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Methods of CT (…”and so much more”)

Karin Michalek at the beginning of the workshop (photo by Inasa Bibic)

Karin Michalek at the beginning of the workshop (photo by Inasa Bibic)

Your presence is the most precious gift you can give to another human being. – Rosenberg

On Tuesday, August 5, Karin Michalek – the Extra-curricular Projects Coordinator and Representative of Alumni-Network at the Peace Studies program at the University of Innsbruck – held a workshop on the Methods of Conflict Transformation. The workshop was based on the elicitive conflict mapping approach, in which Michalek did her best (and quite successfully) to include all the participants and the tutors In a practical seminar of sharing, reflecting and getting to know each other on a deeper level.

I had a short talk with her after the session, curious to find out her impressions and thoughts about our group, peace(s) and whatever else the wind blows our way.

As the most pleasant Gesprächspartnerin (en. interlocutor), Karin told me she was particularly struck by the community feeling in our group. Other than her fascination with the fact that the participants are already getting along very well (after only 4 days of being together as a group) and connecting with each, our whole LLA abode seems to have been immersed in positive vibes – altogether speaking to the uniqueness and particularity of the “Acting for Peace” experience.

But what exactly is this “Acting for Peace” experience? Working as the blogger for the short course gave me a lot of observational space on what exactly we are doing here. Thinking about it now, a week after my arrival, I can say that this experience is “a little bit of this, and a little bit of that”. With most of the tutors being UWC alumni or attendees at other UWC short courses, and most of our participants aspiring UWC students, I can say with certainty that this “UWC spirit” of openness and togetherness is highly dominant here. Mix that with the MA Peace Studies program, and lectures on peace(s), together with exercises on balancing our inner layers as to find our own peace in a way – the result of this social/academic/personal experiment then becomes an energetic group of young people finding themselves and their place in the world. Together. Karin’s impressions helped me as well, in finally understanding the “why” of the atmosphere we have here.

To now get back to my short talk, I personally was truly astonished by the soothing presence of the Peace Studies lecturers – from Wolfgang Dietrich and Norbert Koppensteiner, to Karin Michalek. She recounted a short story from the time she was a Peace Studies student herself. Her first essay in the program was on the topic of “the personal perspective on peace”.” It was a rather absurd question”, she says. She never taught about peace so personally – just as many of us here probably never did before the short course. However, as Karin suggested, one has to find one’s own peace first in order to be a peacemaker in the external world. In encountering other people’s story, you become a part of them, and a part of the surrounding you immerse yourself in. Having personal unresolved conflicts can easily become an energy that spreads to others – and then, how could you ever make peace(s), if you are not even at peace with yourself? And again, we go back to the very foundation of the teaching: balance and harmony. Karin beautifully talked about the idea of showing one’s vulnerability too – by doing so, we open and embrace ourselves, getting one giant step closer to understanding the very notion of peace (in all its plurals).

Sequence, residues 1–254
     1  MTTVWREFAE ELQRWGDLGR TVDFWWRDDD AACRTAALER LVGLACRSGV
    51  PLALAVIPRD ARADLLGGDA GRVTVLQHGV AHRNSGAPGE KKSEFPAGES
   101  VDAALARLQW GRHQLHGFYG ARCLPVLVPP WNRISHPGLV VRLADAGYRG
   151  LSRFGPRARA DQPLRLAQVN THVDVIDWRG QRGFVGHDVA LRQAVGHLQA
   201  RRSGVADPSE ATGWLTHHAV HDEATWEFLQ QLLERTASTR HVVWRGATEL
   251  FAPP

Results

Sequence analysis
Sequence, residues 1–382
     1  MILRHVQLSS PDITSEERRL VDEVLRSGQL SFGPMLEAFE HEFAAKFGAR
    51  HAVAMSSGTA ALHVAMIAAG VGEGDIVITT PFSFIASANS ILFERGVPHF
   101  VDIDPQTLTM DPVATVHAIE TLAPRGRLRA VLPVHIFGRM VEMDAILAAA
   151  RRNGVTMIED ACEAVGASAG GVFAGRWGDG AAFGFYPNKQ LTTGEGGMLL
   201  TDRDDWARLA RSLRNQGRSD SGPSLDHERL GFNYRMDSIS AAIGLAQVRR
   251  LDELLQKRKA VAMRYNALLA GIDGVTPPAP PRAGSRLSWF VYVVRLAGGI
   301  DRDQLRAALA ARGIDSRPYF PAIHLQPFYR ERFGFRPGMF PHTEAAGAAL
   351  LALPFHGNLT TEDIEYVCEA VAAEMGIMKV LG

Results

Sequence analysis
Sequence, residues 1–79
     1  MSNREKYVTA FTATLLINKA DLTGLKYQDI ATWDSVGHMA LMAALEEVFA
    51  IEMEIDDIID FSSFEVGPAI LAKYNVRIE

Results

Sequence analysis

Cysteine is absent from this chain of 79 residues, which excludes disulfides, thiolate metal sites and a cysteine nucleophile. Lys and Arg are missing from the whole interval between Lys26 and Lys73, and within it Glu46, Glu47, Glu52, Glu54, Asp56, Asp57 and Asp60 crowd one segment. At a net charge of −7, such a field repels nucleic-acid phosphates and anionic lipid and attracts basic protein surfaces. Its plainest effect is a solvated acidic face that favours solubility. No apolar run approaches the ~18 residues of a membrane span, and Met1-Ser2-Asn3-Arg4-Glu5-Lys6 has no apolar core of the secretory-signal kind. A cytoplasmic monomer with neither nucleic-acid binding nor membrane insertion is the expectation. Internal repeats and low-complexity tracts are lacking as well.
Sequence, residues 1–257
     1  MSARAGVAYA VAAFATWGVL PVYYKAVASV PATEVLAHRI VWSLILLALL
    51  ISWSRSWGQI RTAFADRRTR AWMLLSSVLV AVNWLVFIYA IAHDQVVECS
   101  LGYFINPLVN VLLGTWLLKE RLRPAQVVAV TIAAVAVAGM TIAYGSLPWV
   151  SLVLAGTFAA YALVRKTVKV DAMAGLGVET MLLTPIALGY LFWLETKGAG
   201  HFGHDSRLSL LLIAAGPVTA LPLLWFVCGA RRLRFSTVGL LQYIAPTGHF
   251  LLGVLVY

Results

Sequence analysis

To do things in this line of work, a peacemaker has to (or at least should be able to) connect with people from the heart. It is indeed “a calling from the heart”, Karin added. That is exactly why she wanted to come and do a workshop here – to connect, give and receive from the mutual experience. To have a learning experience that goes both ways. Getting to know the tutors and their experiences was also something she very much enjoyed. A symbiotic relationship, one might say: of inspiring and being inspired, as well as helping all of us, who live here with these exceptional young people, to clear our conflicts inside in order to be able to continue sharing that thread of understanding – and maybe not to say peace, but definitely “a piece of mind” – with them.

Many thanks to Karin Michalek for sharing the Tuesday afternoon with us, and contributing to the educated, balanced and communal spirit we are trying to foster here.

By: Inasa Bibic


*and so much more (title) – from Wolfgang Dietrich’s quote: “we are reasonable and so much more”

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